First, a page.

Introduction

Age-related changes in refraction have been well documented cross-sectionally and longitudinally during childhood,1,2 early adulthood3,4 and presbyopia.5,6 Whilst a significant body of work charts myopia genesis and progression in children,7–13 there is also evidence of myopia onset and progression during adulthood.4,14,15 Indeed, Rahi et al.16 reported 49% of 2487 randomly selected British adults aged 44 years were myopic (MSE−0.75 D), with over 80% of the myopia occurring after the age of 15 years (late onset myopia).17,18

Considering the typical change in refraction between the ages of 35–65 years,19 a hypermetropic shift has consistently been documented by cross-sectional14,20–29 and longitudinal5,6,15 studies, with a myopic shift reported after 65 years, possibly due to the onset of crystalline lens nuclear sclerosis.30 Current understanding of the optical and structural changes that occur during the development of presbyopia suggest the origin of the hypermetropic shift between the ages of 35–65 years could be the manifestation of previously latent hypermetropia,31 which can no longer be overcome due to a reduction in amplitude of accommodation, or the crystalline lens paradox, where the increase in crystalline lens thickness and curvature is over-compensated for by a reduction in the average refractive index of the crystalline lens.5,14,32

However, Pointer and Gilmartin33 have presented retrospective data revealing 20% of myopic participants experienced a myopic shift in refraction of 0.50–0.75 D between the ages of 35–44 years, otherwise classified as the period of incipient presbyopia i.e. before a reading addition correction is considered clinically necessary. Incipient presbyopic participants were largely omitted from the aforementioned adult studies. Despite reporting a hypermetropic shift (≥0.50 D) in refraction in emmetropic and hypermetropic individuals after the age of 40 years, Grosvenor and Skeates5 isolated retrospective longitudinal myopic participant data to find the hypermetropic shift in refraction was less prevalent amongst myopic participants (19%). In fact, most myopic participants remained stable (66%) or became more myopic by ≥0.50 D (15%) after the age of 40 years. Further, refractive data from 15 population-based cohort and cross-sectional studies analysed by the European Eye Epidemiology (E3) Consortium demonstrates a small (1.7%) increase in the prevalence of low myopia (classified as ≤−0.75 to >−3.00D) between the ages of 35–39 years and 40–44 years, which could reflect further a myopic shift in the incipient phase of presbyopia.19 The ocular changes driving this putative myopic shift in refraction during incipient presbyopia are currently unknown. Moreover, it is unclear why myopic individuals appear to be at a greater risk of a myopic shift in refraction than emmetropic individuals during incipient presbyopia. Perhaps the effects of the crystalline lens paradox are less pronounced in myopic eyes due to their thinner crystalline lenses4,17,34 or previous axial elongation acts as a predisposition for future continued axial elongation.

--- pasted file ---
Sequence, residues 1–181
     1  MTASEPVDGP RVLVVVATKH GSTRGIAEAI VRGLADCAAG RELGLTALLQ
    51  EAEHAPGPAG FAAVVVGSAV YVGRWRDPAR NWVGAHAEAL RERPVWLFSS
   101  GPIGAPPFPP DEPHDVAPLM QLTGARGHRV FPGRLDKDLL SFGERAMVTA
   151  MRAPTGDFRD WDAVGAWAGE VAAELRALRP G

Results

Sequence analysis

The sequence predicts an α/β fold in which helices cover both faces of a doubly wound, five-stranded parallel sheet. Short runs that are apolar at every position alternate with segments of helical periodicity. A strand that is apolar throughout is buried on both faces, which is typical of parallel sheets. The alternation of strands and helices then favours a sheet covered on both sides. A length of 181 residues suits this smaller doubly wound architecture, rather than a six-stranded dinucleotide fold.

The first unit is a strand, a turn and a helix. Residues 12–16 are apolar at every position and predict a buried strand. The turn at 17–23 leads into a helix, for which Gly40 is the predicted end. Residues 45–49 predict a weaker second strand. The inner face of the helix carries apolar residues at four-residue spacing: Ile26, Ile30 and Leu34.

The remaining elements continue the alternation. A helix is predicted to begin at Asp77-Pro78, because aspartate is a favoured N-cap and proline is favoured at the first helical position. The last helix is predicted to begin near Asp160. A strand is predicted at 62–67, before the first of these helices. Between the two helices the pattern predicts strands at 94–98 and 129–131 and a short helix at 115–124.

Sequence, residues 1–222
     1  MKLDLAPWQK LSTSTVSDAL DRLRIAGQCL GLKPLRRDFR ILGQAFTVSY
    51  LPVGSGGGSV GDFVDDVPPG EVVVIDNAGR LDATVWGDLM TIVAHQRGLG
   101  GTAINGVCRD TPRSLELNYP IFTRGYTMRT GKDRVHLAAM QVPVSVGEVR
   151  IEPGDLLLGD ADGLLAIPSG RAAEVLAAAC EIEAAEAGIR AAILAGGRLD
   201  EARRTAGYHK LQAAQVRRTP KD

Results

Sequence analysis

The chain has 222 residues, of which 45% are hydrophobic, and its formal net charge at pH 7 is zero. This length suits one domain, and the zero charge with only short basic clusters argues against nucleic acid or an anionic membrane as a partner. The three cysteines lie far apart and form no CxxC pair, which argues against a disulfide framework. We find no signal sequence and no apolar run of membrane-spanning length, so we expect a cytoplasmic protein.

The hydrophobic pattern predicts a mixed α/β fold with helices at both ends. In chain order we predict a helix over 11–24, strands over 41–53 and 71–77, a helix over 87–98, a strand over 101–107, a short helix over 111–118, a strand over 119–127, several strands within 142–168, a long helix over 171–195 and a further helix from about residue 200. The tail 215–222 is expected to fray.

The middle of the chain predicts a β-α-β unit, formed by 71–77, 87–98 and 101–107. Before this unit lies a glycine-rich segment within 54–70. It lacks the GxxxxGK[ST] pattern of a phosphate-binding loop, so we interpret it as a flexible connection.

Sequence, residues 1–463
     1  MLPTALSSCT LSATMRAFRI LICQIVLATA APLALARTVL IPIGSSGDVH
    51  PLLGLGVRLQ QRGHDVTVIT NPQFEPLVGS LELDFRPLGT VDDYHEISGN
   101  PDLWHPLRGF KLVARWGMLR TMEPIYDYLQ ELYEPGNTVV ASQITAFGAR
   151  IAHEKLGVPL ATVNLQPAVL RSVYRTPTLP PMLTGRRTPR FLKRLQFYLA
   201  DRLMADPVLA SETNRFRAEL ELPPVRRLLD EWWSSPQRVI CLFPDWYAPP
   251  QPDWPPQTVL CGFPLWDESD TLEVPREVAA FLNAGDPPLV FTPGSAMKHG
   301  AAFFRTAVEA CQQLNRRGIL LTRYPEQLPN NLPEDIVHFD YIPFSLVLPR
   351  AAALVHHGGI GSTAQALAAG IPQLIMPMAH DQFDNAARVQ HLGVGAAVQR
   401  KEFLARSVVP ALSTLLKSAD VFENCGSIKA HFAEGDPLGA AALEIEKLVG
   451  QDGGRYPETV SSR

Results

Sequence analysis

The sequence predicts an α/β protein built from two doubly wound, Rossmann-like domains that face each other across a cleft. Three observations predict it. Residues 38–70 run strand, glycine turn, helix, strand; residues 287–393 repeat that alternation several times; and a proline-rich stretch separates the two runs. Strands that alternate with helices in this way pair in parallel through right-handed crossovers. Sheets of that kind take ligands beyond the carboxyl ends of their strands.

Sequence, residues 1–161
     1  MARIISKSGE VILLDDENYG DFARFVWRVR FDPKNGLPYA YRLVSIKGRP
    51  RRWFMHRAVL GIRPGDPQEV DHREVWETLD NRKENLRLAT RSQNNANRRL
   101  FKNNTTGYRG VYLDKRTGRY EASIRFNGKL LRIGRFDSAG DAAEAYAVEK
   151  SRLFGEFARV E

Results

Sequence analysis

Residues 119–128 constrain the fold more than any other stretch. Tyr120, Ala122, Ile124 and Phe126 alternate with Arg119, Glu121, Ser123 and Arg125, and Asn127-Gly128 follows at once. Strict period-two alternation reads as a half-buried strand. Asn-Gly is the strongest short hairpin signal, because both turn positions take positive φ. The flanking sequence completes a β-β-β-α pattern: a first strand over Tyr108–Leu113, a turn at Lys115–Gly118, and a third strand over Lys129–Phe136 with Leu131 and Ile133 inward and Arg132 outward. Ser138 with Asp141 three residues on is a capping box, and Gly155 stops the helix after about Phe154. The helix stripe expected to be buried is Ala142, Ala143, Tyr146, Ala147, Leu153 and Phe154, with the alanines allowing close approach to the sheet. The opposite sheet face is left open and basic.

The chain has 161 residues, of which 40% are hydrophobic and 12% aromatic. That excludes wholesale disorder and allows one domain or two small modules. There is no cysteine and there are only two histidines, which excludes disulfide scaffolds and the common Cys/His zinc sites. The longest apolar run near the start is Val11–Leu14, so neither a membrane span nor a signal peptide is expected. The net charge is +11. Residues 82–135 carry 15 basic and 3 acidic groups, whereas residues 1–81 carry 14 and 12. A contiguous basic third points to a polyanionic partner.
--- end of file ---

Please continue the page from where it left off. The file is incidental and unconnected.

It is feasible that the putative myopic shift may act as a compensatory mechanism to overcome near vision blur resulting from diminishing levels of accommodation during incipient presbyopia. Indeed, a connection has been made between high levels of near work and myopia onset and progression in both children35,36 and adults.4,37–39 The myopic shift may, therefore, be more prevalent in individuals spending long periods of time working at near.

The aim of this study is to provide prospective longitudinal data documenting the natural progression of refraction during incipient presbyopia, and in particular to investigate the incidence of the putative myopic shift in refraction amongst myopic and emmetropic individuals. Refractive changes will also be considered with respect to the amount of time spent working at near daily to explore the link between near work and myopia during the incipient phase of presbyopia.

Materials and methods

In order to collect longitudinal data, the study was designed to review participants every 6 months over 2.5 years, thus 6 sessions were completed in total, each time repeating the experimental protocol detailed below. One UK-registered optometrist (DL) collected the data at each visit.